This is a live blog. It may contain grammatical errors, but I tried to be as true to the essence of the comments as possible?
Google’s announcement in January that it would shut down rather than continue to submit to censorship in China. It created a lot of column inches about foreign businesses operating in China and also about cybersecurity.
Kaiser believes that focusing on censorship and The Great Firewall in China is actually crippling our ability to deal with China. It’s a too convenient narrative. He used the image of Sergey Brin standing in front of the tanks in Tiananmen? Square. The Chinese internet is very robust and interesting and deserves attention in its own right. Quoting a Chinese scholar, he says that The Great Firewall is being seen as the Iron Curtain 2.0. The US government is sending very clear messages by referring to this The Great Firewall as another Iron Curtain.
We have this image of Chinese netizens as a group of skinny patriotic hackers or cosmopolitan aspiring democrats. Often, he says that the reality is somewhere in between. Chinese rarely go outside of China to see content. They very rarely bump into The Great Firewall, although Twitter, YouTube and other western sites are blocked. He finds that regrettable. They often bump into self-discipline censorship. Any site whatsoever will receive from any number of ministries what the provisos on content. They will redact words or ask you to close accounts. If companies don’t comply, they can face penalties all the way up to being shut down.
However, the focus on censorship obscures the development of technology and the internet in China. There are 404m internet users in China, more users than people in the US. There are 800m mobile handset subscribers in China. There are companies such as the instant messaging service QQ, which has 80% of all internet users. The number of accounts, because of multiple accounts by individuals, dwarfs the number of internet users in China.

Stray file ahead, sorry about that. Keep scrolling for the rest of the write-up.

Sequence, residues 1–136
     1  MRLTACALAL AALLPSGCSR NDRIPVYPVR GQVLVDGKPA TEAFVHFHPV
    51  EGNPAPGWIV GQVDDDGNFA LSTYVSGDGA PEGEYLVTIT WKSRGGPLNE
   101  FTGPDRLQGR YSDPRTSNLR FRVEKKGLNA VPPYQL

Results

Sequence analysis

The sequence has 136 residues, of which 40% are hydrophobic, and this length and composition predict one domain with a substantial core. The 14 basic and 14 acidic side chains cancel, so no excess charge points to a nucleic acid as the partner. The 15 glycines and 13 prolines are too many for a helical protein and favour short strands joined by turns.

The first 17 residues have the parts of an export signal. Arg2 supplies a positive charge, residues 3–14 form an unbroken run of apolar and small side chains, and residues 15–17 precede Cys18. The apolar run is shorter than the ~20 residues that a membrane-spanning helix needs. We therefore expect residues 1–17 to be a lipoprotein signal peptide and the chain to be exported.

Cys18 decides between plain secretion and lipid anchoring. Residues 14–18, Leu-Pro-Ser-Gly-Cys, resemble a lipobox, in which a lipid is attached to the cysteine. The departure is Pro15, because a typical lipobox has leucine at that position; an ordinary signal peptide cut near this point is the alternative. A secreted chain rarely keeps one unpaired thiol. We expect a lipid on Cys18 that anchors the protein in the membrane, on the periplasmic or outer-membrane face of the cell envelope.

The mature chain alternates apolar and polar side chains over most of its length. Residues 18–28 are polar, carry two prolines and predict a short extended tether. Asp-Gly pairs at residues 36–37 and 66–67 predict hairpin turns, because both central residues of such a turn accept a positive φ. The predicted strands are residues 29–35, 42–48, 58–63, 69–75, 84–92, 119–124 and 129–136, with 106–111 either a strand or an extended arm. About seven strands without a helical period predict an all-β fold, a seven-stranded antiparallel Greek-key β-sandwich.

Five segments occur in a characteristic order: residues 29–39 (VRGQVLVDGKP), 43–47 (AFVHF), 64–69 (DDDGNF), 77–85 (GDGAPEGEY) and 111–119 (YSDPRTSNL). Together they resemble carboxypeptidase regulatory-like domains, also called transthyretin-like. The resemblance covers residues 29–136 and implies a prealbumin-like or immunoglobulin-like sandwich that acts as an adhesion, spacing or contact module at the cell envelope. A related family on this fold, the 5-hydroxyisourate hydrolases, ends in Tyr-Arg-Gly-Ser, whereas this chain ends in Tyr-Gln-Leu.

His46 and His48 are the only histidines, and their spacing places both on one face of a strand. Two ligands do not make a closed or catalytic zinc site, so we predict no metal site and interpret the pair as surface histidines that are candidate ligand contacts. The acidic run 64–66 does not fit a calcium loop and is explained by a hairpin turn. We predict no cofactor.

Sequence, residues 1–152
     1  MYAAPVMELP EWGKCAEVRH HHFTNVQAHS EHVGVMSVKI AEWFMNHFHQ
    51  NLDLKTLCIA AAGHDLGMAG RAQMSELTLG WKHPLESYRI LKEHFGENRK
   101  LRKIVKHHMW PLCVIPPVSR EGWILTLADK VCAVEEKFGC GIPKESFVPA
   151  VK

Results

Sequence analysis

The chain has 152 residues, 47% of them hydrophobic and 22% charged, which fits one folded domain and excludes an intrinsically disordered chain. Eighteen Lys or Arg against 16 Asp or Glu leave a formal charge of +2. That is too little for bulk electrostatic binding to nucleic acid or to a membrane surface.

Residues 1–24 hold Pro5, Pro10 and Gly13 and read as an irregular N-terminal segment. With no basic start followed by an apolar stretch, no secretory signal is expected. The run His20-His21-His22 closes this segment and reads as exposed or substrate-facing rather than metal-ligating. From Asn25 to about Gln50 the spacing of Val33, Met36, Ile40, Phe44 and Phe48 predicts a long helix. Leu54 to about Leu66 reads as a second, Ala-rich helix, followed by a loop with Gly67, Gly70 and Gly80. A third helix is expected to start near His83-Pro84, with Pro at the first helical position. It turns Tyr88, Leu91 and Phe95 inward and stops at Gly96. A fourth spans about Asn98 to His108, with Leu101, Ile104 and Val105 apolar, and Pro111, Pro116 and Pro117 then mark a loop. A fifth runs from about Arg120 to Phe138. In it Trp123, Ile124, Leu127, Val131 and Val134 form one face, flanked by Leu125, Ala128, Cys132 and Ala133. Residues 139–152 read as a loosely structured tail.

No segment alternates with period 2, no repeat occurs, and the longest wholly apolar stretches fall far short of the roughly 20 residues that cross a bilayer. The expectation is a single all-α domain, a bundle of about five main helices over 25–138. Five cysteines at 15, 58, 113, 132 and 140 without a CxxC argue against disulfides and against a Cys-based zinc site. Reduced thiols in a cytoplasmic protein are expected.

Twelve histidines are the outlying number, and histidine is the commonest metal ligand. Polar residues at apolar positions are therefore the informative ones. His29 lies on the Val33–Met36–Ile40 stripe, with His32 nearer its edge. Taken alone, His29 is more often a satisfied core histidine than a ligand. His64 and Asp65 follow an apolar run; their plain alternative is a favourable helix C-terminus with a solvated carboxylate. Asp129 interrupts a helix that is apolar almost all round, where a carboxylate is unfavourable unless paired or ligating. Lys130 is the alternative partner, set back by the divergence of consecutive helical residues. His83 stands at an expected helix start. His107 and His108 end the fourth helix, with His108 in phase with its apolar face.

The internet in China can be described more as an entertainment super-highway rather than an information super-highway. In the last two or three years, internet censorship has become more draconian in China. More sites have been blocked, and the restrictions on domestic sites has become more onerous. At the same time, in recent years, the internet has emerged as a full fledged public sphere in Chinese life, something that has never existed in China.
There is discussion about issues that are assumed to be off limits, but there is a great level of creativity to conduct these discussions. Officials at all levels of government are constantly taking the temperature of online opinion. You see policy decisions changing in response to online public opinion. A picture was taken and posted online of an official wearing a watch and smoking a cigarette “clearly out of his pay grade”. The official was jailed.
A woman was accosted by a couple of men and one was a party official. She stabbed the men and killed them, but there was such an outcry online that she wasn’t prosecuted. We are seeing a real development of a public sphere in China. When we focus solely on censorship, then we miss this phenomenon.
Everyone here wants to advance internet freedom in China, and Kaiser is quick to say that he supports it. But when the US government that it is dedicating millions of dollars to support internet censorship circumvention technologies, many people changed their minds about the official party line. Some liberal Chinese users came to accept the view that the internet was being used for imperialism. Planting the American flag on this operation might have backfired.
The development of the Chinese internet will eventually overwhelm censors. These freedoms should be taken from within. They cannot be granted from without.
He applauds private organisations and companies working to help create that change, but to paraphrase Kaiser, government involvement brings baggage.